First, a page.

"And if I see Van Helsing, I swear to the Lord I will slay him!"
Minus comedic diabolical laughter, that line was sung by Jason Marshall as part of his musical about Dracula in the film Forgetting Sarah Marshall. For the life of me, that's all I could think of when watching the Hugh Jackman/Kate Beckinsdale 2004 film, and not in a good way. Having never seen the film before, I can now say that Van Helsing was a test of my physical will.
Written and directed by Stephen Sommers (The Scorpion King), Jackman plays the title character, a man whose primary purpose in life is hunting down and killing supernatural beings. His next mission takes him to Transylvania where he is to kill Count Dracula (Richard Roxburgh, Stealth). The Count had previously been working with Dr. Frankenstein on his creation; when the Doctor was killed, the Count took control of the monster. He also works with a mysterious Wolf Man who happens to be married to a Transylvanian Princess (Beckinsdale). With her help, Helsing tries to find Dracula, not to mention learn about his own past, which he is unable to remember and is mysterious to him.
That is basically the gist of the film, but there is so much is done in Van Helsing that it's the very definition of "going through the motions." Create protagonist and protagonist's basic goal in life, and what you want them to do by the end of the film. Jackman's there to kill goblins and demons, including a particularly smart/nasty one. Next is to inject a possible love interest. Beckinsdale fits that role to some degree, though she spends most of her time wearing really sexy outfits, along with some crying and the occasional "Be careful" line. Come to think of it, that's what she does in most of her films, but I digress. For the film, the protagonist has got to have some inner conflict, so Van Helsing's desire to find out his past, combined with Dracula's role in it, is what we get. But it's all so predictable that any subsequent conflict resolution is painful to watch because it's so tedious. Of course you've got the resolution, and everyone goes home happy in some manner or fashion. Whether it's Helsing's assistant Carl (David Wenham, Public Enemies) or Frankenstein's monster, everyone is a winner in the Helsing camp.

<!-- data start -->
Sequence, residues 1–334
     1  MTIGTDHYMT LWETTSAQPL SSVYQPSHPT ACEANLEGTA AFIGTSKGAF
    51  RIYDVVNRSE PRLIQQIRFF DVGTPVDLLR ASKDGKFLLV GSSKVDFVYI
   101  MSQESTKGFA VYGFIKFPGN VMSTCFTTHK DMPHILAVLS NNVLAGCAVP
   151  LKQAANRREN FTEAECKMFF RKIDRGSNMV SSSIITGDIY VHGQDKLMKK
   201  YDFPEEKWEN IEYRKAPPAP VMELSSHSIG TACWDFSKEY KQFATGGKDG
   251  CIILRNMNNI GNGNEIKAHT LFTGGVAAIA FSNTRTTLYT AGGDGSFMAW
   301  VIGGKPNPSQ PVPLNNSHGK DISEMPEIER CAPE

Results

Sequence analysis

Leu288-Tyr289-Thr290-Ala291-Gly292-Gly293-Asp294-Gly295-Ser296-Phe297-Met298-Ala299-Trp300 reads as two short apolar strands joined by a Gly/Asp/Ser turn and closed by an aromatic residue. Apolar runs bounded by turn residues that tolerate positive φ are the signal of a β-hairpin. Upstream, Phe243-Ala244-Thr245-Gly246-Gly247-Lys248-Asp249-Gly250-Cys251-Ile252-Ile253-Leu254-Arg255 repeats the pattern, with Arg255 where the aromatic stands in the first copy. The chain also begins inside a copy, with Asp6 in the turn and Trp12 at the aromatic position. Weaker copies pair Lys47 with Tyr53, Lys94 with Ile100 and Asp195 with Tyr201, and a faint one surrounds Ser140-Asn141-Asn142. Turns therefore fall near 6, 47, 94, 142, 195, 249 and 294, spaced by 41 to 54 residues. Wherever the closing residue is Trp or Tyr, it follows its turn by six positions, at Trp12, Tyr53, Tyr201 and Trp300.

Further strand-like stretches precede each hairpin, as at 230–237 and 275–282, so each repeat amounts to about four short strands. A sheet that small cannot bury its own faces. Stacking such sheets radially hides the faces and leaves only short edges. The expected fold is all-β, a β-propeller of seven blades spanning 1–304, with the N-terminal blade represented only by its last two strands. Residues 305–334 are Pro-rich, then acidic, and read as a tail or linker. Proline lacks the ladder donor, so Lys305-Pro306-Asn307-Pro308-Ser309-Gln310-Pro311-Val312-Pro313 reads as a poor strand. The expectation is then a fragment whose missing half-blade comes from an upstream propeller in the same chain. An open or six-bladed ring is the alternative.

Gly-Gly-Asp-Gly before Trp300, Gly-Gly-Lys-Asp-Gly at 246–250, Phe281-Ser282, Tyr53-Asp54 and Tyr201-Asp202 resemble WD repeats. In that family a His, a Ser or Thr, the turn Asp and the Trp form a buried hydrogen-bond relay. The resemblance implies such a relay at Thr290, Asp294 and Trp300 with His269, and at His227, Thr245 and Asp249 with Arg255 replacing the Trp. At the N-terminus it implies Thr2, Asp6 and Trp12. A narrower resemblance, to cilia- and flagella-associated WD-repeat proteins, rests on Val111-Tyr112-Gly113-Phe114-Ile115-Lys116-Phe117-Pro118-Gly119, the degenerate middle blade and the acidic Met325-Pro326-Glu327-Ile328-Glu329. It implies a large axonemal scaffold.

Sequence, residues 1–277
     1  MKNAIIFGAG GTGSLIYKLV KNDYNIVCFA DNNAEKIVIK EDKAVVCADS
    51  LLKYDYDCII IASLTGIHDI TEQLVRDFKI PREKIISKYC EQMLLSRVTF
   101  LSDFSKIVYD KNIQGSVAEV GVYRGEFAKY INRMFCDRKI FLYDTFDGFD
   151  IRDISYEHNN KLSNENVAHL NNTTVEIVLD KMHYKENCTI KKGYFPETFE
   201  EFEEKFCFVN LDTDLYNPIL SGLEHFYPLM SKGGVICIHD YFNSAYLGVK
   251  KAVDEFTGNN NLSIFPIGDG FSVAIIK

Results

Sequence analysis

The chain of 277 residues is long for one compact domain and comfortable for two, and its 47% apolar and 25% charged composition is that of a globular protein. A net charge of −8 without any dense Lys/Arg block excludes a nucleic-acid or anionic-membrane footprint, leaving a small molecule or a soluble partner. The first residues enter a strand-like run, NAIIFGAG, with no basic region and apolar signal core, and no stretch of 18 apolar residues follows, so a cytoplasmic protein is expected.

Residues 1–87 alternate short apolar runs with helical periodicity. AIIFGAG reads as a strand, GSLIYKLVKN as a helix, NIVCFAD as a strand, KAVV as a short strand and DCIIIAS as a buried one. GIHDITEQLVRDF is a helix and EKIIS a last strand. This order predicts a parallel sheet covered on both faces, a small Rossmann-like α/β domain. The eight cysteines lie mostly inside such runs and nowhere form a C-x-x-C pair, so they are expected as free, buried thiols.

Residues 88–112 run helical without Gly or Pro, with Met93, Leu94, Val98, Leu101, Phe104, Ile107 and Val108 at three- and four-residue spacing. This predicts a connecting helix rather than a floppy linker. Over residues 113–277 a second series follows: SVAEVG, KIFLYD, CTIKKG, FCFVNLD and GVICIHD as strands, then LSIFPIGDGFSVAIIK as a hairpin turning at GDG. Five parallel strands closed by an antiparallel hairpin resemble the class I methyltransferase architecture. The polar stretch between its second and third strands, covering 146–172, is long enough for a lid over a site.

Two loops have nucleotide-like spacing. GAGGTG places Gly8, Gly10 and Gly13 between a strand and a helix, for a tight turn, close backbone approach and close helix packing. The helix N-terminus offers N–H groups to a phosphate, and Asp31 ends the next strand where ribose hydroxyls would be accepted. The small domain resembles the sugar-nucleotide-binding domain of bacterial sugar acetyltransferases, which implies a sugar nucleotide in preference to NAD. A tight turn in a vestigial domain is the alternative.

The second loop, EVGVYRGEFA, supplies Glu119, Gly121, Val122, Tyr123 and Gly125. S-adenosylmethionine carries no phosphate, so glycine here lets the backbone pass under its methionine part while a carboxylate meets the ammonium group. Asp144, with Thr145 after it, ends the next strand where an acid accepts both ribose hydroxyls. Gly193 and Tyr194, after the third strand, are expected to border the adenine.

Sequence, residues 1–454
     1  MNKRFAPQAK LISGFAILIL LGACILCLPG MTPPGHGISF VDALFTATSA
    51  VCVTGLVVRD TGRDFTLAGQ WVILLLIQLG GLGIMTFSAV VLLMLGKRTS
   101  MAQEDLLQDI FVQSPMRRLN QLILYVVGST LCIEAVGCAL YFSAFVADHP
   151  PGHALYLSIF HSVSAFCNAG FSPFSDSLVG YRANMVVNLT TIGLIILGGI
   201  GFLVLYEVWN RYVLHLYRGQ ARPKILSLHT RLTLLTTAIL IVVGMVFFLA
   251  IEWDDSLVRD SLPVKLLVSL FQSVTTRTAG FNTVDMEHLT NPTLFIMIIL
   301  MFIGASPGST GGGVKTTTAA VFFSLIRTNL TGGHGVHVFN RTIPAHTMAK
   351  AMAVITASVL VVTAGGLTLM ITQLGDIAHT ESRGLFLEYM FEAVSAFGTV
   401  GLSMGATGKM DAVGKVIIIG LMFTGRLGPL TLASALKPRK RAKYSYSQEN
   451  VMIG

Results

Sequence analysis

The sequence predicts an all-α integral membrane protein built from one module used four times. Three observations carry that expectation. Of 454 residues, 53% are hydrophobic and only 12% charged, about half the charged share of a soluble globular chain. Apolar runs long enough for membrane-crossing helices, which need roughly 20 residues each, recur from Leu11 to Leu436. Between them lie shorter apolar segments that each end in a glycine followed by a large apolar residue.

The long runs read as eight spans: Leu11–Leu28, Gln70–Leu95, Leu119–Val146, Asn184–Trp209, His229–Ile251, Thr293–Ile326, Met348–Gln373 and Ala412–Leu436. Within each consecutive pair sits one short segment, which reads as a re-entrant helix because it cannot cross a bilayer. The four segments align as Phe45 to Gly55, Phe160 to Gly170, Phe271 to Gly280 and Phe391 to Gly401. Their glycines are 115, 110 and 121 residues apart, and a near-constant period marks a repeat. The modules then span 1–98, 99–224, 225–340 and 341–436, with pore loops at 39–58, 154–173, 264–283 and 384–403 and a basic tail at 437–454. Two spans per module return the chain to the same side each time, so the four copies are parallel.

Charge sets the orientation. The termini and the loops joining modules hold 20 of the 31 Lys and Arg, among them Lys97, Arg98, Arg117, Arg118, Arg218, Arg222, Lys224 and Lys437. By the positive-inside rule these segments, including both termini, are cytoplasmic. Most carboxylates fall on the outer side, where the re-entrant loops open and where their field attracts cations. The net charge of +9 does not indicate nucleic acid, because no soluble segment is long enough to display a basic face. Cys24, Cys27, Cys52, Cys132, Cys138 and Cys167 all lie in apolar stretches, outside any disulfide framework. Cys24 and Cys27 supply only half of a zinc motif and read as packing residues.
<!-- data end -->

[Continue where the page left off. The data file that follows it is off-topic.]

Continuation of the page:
With such a transparent story, what does Sommers do to cover his tracks? Stunts and visual effects my friends, in both equal and copious amounts. In fact, any story exposition serves as segues to stunt and CG monsters and battles that after awhile get boring, even comical. Sommers has a tendency to do many of these scenes in slow motion, similar to what Zack Snyder (of 300 and Watchmen fame) does now. Excessive use of that tends to reveal more a "style over substance" proclivity; when you're making a film that's over two hours long (as Van Helsing is), it's downright punishing to the viewer.